A Match Made in Heaven: Pairing French Jams with Cheese

The French are famous for their bread products like baguettes, croissants, and brioches. So apart from these obvious ways to pair jams and jellies, are there any other ways they enjoy them? Besides the typical bread + butter + jam trio, the French use jam, fruit spreads, and preserves to pair with foods such as crepes and waffles, and in recipes for cakes  and pastries One of the most popular pairings, however, is pairing French jams, spreads, and/or preserves with cheeses – which is an excellent idea to keep in mind for your next party or gathering.

France produces more than 1200 varieties of cheese with very different textures and tastes. Cheeses are part of France’s image and are often associated with France along with French honey and wines.  So, it comes as no surprise that delicious jam / preserves are paired with their wonderful cheeses.

Reasons Why French Jams and Confitures are Among the Best

There are several reasons why traditionally made French jams are mouthwatering.  Their delicious preserves and jams are due in part to the French processes of cooking the fruits etc. in copper cauldrons – the traditional way -- due to copper transferring heat evenly etc.   But there are other reasons as well:

Fruit Quality

Quality starts from the beginning:  with the quality of the fruit selected. French jam manufacturers like Les Confitures à l’Ancienne are particular about the fruits they add to their mixtures to get the perfect blend of flavors.  They avoid using artificial colors and flavoring play thereby preserving the original freshness and fruit taste.

The Ratio of Fruit to Sugar Content

The traditional recipe is another reason French jams taste so good. The essence of a perfectly balanced jam or confiture lies in ingredient ratios. The French consciously choose to add a higher percentage of fruits in proportion to the sugar, taking advantage of the fruit’s natural flavor.  This method is central to their jam creation and why they prefer to buy juicier and richer fruits for their products. It also leads some of the local manufacturers to have seasonal jams. Making off-season jam would require them to use frozen fruits, which isn’t a practice they generally prefer.

Reliance on French-Grown Fruit as Much as Possible

French jam and confiture manufacturers try to use French-grown fruits as much as possible. It doesn’t come as a surprise because France is known for producing some of the best produce, but there are more implications.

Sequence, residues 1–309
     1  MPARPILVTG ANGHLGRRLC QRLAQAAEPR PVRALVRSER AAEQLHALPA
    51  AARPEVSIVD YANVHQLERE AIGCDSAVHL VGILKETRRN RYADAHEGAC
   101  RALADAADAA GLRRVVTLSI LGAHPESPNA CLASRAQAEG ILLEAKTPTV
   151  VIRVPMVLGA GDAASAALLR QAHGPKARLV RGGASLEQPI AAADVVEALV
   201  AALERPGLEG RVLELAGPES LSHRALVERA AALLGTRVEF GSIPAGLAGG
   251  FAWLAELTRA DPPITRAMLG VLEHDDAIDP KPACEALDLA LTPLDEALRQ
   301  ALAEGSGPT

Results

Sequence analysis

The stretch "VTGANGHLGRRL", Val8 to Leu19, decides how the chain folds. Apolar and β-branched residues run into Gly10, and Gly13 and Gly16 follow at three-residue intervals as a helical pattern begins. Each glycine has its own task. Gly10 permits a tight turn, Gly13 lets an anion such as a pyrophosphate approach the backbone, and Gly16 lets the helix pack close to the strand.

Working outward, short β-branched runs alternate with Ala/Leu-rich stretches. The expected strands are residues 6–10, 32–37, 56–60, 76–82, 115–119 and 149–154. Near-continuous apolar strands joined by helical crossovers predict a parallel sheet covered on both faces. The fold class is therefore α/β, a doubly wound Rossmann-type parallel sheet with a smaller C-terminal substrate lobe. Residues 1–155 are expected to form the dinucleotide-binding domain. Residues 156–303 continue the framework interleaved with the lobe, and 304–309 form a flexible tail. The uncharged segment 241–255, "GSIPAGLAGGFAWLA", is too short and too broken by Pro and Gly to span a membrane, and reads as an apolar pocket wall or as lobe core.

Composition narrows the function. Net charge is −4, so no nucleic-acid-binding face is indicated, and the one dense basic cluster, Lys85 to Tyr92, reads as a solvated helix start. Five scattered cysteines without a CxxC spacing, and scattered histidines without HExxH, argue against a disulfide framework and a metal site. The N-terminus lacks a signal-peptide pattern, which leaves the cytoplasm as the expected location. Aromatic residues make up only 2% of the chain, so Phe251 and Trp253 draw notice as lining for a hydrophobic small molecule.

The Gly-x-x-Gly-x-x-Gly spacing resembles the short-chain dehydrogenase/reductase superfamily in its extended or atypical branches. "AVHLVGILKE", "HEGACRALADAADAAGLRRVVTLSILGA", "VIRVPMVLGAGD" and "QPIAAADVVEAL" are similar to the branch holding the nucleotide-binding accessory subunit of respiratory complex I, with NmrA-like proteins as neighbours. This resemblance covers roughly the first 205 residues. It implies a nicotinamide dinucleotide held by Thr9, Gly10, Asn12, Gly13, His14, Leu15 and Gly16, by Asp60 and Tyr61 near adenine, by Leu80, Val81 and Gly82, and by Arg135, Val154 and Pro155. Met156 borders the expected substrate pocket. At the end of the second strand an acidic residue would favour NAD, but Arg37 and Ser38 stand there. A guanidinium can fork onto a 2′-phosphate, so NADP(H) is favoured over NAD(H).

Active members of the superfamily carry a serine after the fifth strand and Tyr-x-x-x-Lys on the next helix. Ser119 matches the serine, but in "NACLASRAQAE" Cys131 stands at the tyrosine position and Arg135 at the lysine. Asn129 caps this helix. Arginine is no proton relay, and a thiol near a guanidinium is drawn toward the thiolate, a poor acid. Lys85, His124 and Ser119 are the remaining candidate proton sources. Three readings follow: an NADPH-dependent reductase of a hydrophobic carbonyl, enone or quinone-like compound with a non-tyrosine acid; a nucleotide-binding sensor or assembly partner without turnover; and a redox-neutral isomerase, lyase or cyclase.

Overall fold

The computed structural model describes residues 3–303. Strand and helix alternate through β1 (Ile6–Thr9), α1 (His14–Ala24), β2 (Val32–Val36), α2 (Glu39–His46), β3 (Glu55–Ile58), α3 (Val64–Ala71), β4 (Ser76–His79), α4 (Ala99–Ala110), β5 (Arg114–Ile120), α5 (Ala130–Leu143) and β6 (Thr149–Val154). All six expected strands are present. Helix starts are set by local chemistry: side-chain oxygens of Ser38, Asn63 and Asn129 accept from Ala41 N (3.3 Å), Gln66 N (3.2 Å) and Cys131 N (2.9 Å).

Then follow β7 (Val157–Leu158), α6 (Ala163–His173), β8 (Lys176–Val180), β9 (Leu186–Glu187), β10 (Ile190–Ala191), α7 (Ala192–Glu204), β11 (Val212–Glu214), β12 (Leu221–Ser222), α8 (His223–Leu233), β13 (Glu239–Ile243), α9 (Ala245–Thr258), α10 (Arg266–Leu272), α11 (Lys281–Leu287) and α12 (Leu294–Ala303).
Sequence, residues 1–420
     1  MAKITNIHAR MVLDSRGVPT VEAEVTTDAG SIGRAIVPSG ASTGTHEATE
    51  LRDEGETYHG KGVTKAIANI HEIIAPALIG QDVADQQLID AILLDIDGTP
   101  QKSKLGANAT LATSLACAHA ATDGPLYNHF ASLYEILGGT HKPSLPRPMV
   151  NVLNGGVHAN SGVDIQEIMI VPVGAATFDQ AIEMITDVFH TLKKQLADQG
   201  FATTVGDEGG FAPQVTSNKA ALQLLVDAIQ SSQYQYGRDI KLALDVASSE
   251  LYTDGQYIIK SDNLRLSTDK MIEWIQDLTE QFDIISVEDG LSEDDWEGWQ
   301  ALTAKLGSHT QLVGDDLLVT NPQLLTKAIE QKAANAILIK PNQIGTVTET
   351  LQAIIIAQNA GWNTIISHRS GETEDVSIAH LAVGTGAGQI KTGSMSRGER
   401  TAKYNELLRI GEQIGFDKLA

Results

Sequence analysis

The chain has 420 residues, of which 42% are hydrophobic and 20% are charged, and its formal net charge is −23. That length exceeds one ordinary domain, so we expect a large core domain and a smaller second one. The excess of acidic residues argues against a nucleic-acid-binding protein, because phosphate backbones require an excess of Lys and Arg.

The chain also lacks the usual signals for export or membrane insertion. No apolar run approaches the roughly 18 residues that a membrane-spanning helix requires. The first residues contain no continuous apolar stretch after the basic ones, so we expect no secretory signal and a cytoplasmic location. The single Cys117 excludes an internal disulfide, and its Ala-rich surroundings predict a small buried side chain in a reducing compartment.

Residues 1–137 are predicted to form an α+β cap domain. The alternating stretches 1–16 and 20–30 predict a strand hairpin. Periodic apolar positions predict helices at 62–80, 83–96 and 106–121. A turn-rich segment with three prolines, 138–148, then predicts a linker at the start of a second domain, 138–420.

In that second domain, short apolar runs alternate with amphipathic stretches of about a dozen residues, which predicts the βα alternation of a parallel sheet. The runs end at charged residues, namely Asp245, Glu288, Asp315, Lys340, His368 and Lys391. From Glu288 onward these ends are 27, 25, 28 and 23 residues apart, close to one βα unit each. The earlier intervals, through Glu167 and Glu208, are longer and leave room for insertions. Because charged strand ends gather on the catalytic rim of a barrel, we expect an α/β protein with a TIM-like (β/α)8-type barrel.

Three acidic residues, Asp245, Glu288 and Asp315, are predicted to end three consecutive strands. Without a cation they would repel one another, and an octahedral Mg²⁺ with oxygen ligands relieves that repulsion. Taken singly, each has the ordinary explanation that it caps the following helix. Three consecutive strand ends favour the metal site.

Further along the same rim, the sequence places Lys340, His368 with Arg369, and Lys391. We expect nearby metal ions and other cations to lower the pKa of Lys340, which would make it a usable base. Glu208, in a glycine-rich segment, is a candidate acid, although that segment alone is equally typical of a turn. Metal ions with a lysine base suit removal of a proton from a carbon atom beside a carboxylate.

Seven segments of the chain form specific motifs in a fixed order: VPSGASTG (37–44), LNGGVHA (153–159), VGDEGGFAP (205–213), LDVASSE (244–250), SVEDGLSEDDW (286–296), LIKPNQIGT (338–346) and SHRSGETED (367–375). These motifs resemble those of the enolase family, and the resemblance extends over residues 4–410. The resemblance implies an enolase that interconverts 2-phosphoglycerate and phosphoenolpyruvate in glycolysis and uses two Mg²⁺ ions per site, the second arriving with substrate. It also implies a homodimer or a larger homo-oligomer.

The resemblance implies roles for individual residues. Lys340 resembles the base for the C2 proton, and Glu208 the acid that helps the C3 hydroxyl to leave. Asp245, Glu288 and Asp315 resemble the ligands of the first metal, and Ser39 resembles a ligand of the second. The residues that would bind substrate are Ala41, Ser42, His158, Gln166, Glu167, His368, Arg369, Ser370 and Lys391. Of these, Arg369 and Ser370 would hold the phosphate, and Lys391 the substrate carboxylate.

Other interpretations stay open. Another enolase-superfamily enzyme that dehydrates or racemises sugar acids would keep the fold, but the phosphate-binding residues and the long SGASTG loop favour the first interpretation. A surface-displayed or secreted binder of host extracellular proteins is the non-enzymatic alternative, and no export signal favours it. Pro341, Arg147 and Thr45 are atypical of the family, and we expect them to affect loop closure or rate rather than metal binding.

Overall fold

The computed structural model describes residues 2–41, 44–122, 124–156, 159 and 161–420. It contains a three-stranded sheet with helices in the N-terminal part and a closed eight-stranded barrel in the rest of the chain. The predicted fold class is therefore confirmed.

This preference affects jam quality extensively, especially in terms of the unique flavors. The produce in Provence is especially renowned for its exceptional quality, so it’s expected that their local businesses produce better treats than most international ones.

Pairing French Confitures / Preserves with Cheese
Here are a few suggestions of cheese and preserves / jam that we and others have found to work especially well:

  • Try pairing Les Confitures à l’Ancienne, Figure Preserves - fig jam with any chevre or goat’s cheese

  • Pair Fig Jam with Baked Brie or Camembert Cheese with Gourmet du Villages, baked brie in skillet kits. Kit includes a 5.5″ cast iron skillet and box of fig pistachio topping.  Skillet is reusable on both stove top or in oven.  Additional topping flavors can be purchased separately.

  • Pairing or topping chevre / goat’s cheese or French Comté with Les Confitures à l’Ancienne, Myrtille Sauvage - is always delicious. You can also bake it making it especially delicious when served over a water cracker.
  • Try pairing Les Confitures à l’Ancienne Apple, Pear and Walnut Preserves French confiture with a good Roquefort cheese. This French preserve is especially delicious for baking when sprinkled with blue or Roquefort cheeses.


  • Pair Raspberry Preserves or Four Mixed Red Fruits with Parmesan Cheese a s the slightly sweet, slightly tart raspberry jam will balance and enhance the delicate flavor of parmesan. (And don’t forget Raspberry jam makes excellent fill for cookies!)

  • Another suggestion is pairing a tangerine jam such as Les Confitures à l’Ancienne Tangerine Preserves or orange marmalade jam such as the popular and heavenly Caprichos del Guadalquivir’s with a fresh cheese. A very traditional pairing is the one between orange / tangerine jam, with its sour taste, and fresh cheeses with a soft texture and a sweet flavor such as ricotta, camembert, brie, and mascarpone.

Some common pairings in brief!

Cheddar Cheese - Fig jam, strawberry jam, or mustard all pair well with cheddar cheese. A sweeter jam like strawberry will pair well with a young, mild cheddar, while a bold aged cheddar is great with hot pepper jelly, mustard or even a chutney.

Cream Cheese - Cream cheese pairs well with blackberry jam for a sweet twist or choose a contrasting cheese for a balanced bite.

Havarti Cheese - Havarti, a soft and creamy Danish-inspired cheese, pairs well with raspberry, strawberry, and fig jam.

In general, if it is a strong cheeses with clear-cut taste characteristics, select a fruits such as fig, mirabelle plum, quince, chestnut, cherry, grape, or apricot.  For example, pair Les Confitures à l’Ancienne Peach Preserves with Vanilla with cheeses with an intense, marbled  or spicy flavor such as Pecorino, Formaggio di Fossa or Gorgonzola.

Equally, for milder cheeses, either hard and firm or soft and creamy, we suggest preserves, spreads, or jams with berries such as blueberry, plums, blueberry, plums.

In sum, cheese plates are one of the easiest, yet most elegant (and delicious), ways to delight your family and friends, whether it be a small gathering or a hosted event.  Next time, make a match made in heaven by putting some of your favorite French jams in a small ramekin and watch what happens!